Using the Osun Osogbo cultural fiesta within the precincts of the Osun Osogbo sacred grove’s perimeter as an example, there are myriads of tourists who troop into the grove in their hundreds and thousands before, during and after the internationally acclaimed festival. Statistics show that tourists of different shapes and sizes visit the grove either as visitors or as scholars on academic research. Information available to this writer from the educational unit of the National Museum, Osogbo, indicates that from 2013 to 2015, a total number of 78,000 tourists, both indigenes and foreigners alike, came to the grove. There is an avalanche of opportunities to harness revenue for the state and local governments, with the Federal Government getting the lion share.
The issue of a car park during Osun Osogbo festival remains the core issue. The buffer zone can be put into effective use by creating a special area as parking venue. Apart from controlling the human and vehicular movement, it would also gear up revenue realisation and mobilisation for all the stakeholders concerned. Talks are under way to tame the tide of this social or cultural issue in the not too distant future. Again, the creation of new local government within the existing ones is a right step in the right direction. In Osogbo local Government, we now have Osogbo Local Government Central at Oke Baale, Osogbo Local Government ( South) tentatively at Oja-Oba within the ambience of Ataoja’s palace and Osogbo Local Government (North) at Awosuru area. The recent reconstruction and renovation ongoing within the palace enhanced the looks of the two storey block formerly put together by the late Ataoja of Osogbo, Oba Samuel Adedeji Adenle.
The museum kitchen where local delicacies could be savoured by tourists, students as well as stakeholders is a sure way to pump up revenue for government. Even private partnership is allowed to thrive within the buffer zone. The door is thrown wide open for interested private companies and individuals to make effective use of the buffer zone of the grove.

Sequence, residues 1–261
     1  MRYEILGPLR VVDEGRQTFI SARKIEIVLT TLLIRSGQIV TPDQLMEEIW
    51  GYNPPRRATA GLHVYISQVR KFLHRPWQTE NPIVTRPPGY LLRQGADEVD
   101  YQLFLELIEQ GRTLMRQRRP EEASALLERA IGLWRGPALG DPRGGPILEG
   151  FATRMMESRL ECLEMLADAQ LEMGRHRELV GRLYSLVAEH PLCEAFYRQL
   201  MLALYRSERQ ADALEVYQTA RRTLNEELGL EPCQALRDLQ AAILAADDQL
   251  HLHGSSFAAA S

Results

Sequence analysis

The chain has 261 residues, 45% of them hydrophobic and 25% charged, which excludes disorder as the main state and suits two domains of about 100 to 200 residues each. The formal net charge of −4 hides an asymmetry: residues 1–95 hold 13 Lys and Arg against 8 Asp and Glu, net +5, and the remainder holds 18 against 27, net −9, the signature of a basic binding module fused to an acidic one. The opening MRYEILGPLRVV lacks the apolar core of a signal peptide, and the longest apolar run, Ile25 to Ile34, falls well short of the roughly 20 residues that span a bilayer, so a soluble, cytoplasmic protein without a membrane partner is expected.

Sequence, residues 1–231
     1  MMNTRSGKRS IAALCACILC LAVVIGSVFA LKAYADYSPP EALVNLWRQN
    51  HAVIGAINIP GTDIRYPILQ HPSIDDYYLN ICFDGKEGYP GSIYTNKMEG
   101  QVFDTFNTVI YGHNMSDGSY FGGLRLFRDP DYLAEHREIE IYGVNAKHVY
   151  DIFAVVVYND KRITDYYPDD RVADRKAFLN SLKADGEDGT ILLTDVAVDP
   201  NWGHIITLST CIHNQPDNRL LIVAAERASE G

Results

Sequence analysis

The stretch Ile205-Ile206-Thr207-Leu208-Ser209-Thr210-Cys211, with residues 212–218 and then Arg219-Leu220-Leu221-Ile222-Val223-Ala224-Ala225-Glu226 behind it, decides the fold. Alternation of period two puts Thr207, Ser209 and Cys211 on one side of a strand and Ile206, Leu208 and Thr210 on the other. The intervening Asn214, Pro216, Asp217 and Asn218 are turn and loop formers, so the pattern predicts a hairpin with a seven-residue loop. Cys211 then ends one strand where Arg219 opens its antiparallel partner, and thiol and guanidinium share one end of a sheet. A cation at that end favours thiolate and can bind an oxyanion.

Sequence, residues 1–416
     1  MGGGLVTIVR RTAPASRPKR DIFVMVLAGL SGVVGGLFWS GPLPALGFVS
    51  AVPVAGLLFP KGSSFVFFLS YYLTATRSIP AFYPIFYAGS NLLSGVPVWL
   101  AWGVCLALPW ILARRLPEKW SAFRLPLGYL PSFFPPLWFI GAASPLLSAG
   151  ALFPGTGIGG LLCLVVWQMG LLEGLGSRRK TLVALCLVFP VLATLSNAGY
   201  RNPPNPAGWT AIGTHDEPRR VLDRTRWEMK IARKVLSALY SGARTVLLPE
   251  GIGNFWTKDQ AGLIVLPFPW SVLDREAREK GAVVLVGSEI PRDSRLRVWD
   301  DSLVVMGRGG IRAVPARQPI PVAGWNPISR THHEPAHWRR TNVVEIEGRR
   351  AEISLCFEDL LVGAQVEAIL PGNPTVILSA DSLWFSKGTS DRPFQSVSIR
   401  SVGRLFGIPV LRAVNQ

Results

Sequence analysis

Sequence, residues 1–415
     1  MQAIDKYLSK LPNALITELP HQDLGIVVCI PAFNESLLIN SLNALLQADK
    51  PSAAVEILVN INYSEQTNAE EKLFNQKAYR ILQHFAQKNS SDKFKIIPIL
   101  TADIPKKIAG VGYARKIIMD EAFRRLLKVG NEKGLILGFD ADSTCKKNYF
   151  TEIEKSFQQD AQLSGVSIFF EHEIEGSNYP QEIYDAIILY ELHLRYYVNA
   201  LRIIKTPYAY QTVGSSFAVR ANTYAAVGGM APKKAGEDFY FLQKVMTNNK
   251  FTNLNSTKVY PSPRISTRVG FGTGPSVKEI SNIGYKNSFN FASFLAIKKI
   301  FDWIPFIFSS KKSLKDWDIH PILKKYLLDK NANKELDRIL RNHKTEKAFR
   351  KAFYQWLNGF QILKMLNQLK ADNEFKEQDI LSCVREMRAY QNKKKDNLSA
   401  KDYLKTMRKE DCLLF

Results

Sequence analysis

People from all walks of life troop to the grove on a daily basis for one thing or the other, spiritual consultation topping the list. The grove is lying fallow as a virgin area waiting to be tapped and made effective and judicious use of. Amid these glaring opportunities, we must reiterate one fact: that we must be awake to our social responsibilities that tourism has been and will remain a viable vehicle and a tool to move us forward and bail us out from the current economic recession. There must be collaborative efforts among stakeholders such as the Nigerian Tourism Development Corporation, Arts and Culture, Nigerian Institute For Hospitality and Tourism and the National Commission For Museums and Monuments. They must remain proactive towards the growth and development of the grove. The ongoing renovation and restoration on the grove by the Adunni Olorisa Trust (AOT) must be commended. This will in no doubt go a long way in attracting more and more tourists to the grove.
A plethora of brisk businesses are explored during the Osun Osogbo festival. But the missing link is the coordinating factor among the stakeholders to form a proactive and business-oriented idea in order to effectively harness both the human and natural resources starring us in the face, year in year out. We need to have an economic equilibrium where stakeholders, especially the state and the local governments which are closer to the people, collaborate efficiently well in promoting tourism.
The usual frenzied atmosphere during the festival, where everybody belongs to none and God is for all, should be put behind us. The time to begin to approach issues proactively as strong and united stakeholders in the realm of tourism in Osun State is now!
Temitope wrote in from the National Museum, Osogbo.